Currently reading: Volkswagen Group plans 50-model blitz
Audi's new A4 will lead a surge of new models from the Volkswagen Group when it is revealed in the final three months of this year

The Volkswagen Group is planning a new model blitz over the next two years, with 50 new and revised vehicles arriving by the end of 2015.

One of the most important models will be the all-new Audi A4, which VW Group boss Dr Martin Winterkorn revealed will arrive in the "last three months" of 2015. A facelifted Porsche 911 is also on the way, as is a new Volkswagen Tiguan SUV.

In an attempt to turn around its ailing US operation, the VW brand will launch a facelifted version of the US-market Passat later this year. By the end of 2016, a long-wheelbase Tiguan and the production version of the seven-seat CrossBlue SUV will also be rolled out.

The new A4 will be based on Audi’s new MLB platform, which uses both steel and aluminium in its construction and is assembled with welding, rivets and adhesives. The first car to arrive on this architecture was the new Q7 SUV. The A4 is expected to be the smallest model based on this platform.

The development of three basic vehicle architectures by the VW Group underpins the company’s extensive model roll-out.

At today’s VW annual conference, VW boss Martin Winterkorn said the ability to build different models from different brands "bumper-to-bumper" on the same three basic production lines will eventually significantly reduce costs and improve profit margins.

While the costs of engineering and rolling out the three architectures have been significant, Winterkorn said the VW Group will be reaping "significant" rewards over the next few years.

Winterkorn went on to say that in 2015, some 2.7 million VW Group models – or 15% of all production - will be based on the new MQB architecture. This will leap to 7 million models by 2018, which should make it the biggest common automotive platform project yet seen.

Winterkorn pointed out that 30% of Skoda models are already based on the MQB platform and that the Czech brand is enjoying 7% profit margins, well ahead of the the VW brand’s 2.5%.

These three ‘modular toolkits’ will also allow production to be moved closer to where the cars are sold. The current Golf and new Passat are already being built on the same production line in a new German MQB factory.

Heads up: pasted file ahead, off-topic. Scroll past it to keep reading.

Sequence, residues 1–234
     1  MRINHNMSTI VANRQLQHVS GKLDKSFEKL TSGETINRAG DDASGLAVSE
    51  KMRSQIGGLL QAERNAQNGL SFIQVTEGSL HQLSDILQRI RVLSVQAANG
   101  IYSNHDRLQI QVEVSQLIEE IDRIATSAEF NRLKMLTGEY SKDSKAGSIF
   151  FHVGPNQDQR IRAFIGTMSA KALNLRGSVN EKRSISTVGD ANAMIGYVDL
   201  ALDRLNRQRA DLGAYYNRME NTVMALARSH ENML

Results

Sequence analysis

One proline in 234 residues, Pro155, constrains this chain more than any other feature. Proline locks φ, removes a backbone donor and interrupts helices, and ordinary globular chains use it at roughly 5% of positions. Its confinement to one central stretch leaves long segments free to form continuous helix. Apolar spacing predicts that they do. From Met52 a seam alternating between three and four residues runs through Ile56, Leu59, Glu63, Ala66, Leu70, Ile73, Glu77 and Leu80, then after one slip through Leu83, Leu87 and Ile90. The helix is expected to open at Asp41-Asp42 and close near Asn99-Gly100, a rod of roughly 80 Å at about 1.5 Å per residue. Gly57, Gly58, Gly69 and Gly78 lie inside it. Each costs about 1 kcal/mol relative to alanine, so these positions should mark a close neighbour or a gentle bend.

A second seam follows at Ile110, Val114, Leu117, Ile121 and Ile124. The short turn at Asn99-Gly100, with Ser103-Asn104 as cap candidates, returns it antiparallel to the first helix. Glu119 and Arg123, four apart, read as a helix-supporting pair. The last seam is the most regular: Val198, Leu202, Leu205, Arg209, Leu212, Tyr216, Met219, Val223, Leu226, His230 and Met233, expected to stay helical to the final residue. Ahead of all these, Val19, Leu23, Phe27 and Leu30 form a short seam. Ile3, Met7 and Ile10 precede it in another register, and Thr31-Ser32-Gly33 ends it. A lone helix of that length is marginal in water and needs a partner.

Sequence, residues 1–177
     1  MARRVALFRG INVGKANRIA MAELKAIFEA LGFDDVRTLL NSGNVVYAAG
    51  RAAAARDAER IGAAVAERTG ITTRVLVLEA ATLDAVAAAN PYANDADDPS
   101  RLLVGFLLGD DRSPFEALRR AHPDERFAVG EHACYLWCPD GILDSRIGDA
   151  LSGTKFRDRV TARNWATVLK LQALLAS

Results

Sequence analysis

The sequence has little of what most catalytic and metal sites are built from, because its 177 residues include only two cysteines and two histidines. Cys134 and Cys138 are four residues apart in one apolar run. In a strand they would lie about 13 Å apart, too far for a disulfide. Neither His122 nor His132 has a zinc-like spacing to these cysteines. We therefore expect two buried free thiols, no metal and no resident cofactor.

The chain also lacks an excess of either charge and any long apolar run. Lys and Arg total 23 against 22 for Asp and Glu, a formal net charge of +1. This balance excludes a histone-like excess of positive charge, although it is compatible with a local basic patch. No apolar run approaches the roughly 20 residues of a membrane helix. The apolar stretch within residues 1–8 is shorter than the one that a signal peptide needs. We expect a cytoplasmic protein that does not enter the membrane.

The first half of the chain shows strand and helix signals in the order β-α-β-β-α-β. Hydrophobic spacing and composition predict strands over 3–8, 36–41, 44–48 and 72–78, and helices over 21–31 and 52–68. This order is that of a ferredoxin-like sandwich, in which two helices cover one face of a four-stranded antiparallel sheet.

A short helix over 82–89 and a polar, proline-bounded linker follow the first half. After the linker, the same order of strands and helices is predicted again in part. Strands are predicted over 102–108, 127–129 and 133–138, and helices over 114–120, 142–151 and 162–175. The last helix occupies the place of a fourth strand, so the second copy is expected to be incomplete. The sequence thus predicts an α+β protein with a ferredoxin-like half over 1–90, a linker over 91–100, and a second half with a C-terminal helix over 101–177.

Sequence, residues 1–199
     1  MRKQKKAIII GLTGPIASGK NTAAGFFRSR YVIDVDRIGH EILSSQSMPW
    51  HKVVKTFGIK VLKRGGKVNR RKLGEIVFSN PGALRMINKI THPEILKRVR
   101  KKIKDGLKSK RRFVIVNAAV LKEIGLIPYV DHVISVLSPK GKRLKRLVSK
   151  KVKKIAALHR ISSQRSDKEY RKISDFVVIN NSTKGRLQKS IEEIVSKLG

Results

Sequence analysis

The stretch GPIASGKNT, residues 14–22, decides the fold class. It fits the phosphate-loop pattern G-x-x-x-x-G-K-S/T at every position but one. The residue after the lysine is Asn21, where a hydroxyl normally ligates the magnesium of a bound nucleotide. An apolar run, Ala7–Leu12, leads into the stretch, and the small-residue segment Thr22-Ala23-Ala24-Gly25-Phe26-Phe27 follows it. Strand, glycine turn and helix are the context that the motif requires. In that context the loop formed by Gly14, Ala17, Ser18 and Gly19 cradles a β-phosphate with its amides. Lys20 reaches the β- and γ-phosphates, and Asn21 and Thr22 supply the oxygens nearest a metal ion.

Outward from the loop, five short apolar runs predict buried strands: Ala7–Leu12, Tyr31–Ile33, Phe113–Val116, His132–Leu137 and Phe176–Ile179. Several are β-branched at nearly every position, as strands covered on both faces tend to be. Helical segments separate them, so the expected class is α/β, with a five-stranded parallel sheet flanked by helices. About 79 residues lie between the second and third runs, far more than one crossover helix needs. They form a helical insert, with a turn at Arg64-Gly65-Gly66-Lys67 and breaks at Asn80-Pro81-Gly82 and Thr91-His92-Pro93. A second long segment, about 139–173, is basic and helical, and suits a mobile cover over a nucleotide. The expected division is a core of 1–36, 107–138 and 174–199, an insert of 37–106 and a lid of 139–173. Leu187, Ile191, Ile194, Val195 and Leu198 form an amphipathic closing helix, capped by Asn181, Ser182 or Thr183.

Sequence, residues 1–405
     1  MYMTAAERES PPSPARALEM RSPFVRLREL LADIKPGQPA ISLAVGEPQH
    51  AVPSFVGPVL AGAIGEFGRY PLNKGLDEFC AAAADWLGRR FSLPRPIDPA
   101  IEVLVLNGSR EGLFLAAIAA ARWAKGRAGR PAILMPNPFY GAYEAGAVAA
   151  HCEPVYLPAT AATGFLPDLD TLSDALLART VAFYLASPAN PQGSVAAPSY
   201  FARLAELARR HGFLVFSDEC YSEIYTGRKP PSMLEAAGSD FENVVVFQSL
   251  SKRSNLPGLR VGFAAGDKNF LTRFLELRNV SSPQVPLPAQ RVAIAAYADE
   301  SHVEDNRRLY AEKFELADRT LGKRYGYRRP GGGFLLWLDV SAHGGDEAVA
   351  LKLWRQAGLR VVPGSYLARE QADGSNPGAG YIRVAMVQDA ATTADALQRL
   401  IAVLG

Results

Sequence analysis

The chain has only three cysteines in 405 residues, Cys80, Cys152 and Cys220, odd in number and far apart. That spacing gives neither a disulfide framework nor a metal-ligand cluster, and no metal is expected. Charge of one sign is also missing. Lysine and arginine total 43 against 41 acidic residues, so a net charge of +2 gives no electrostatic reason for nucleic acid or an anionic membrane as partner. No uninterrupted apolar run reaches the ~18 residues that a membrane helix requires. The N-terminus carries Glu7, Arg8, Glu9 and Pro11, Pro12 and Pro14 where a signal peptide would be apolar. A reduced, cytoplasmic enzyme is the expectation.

Today, VW has 18 plants running MQB production lines. This will rise to 29 plants by 2016.

Over the next few years the transverse-engined MQB architecture will be used for models from the upcoming compact Audi Q1 SUV and VW Golf through to the new Passat and up to the new seven-seat SUV, which will be launched in the US in late 2016.

Audi’s MLB architecture will underpin all of the brand’s vehicles from the A4 to the Q7 as well as the upcoming A8 limo and Q6 battery-electric crossover model. It will also be used for the next Porsche Cayenne and the new Bentley Bentayga super-SUV. The MLB platform is natively front-wheel drive, but has a longitudinal engine layout.


Read our review

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The Audi A4 is an improvement over the previous version, but isn't good enough to topple the BMW 3 Series

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Porsche is leading development of the MSB platform. This is natively rear-wheel drive and is the next-generation development of the platform under the current Panamera. It will underpin all future front-engined Porsches as well as the next generation of Bentley road cars, including the expected production version of the EXP 10 Speed 6 coupé concept.

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pauld101 16 March 2015

Yawn... here come the clones

or should that be clowns? very audinary cars, just less than reliable.
Andrew Lee 13 March 2015

What goes around...

It all seems very GM 1920s... And the emphasis is totally on profitability for a manufacturer, not customer appreciation. Meanwhile - as pointed out above - VW/Audi's product become more homogenised by the minute. At least GM products used to be (for the most part) distinguishable. To take an example: the rear end of the new Skoda Superb really could be from ANY of their brands.
Moparman 13 March 2015

Needs more than a facelift

The US-spec Passat is what happens when a manufacturer tries to lower the sales price by decontenting the car. Everything that was laudable about the Passat in the past (ride, power and build quality for the price) have gone out the window to try and undercut the Camry and Accord on price. It obviously isn't working. They need to get the Passat back to Euro-levels and sharpish if they want to keep selling them. I also think they need to make a US-spec version of the Amarok now that GM is opening the small truck category back up. They could even look at making a big truck based off of the Touareg to capture that part of the market and should be able to with minimal additional development costs. With a narrow selection of vehicle types, sub-Euro quality on everything but the new Golf and prices not much less than Toyota and Honda VW in the States is neither fish nor fowl. Until VW decides what it wants to be it will continue to be nothing unfortunately.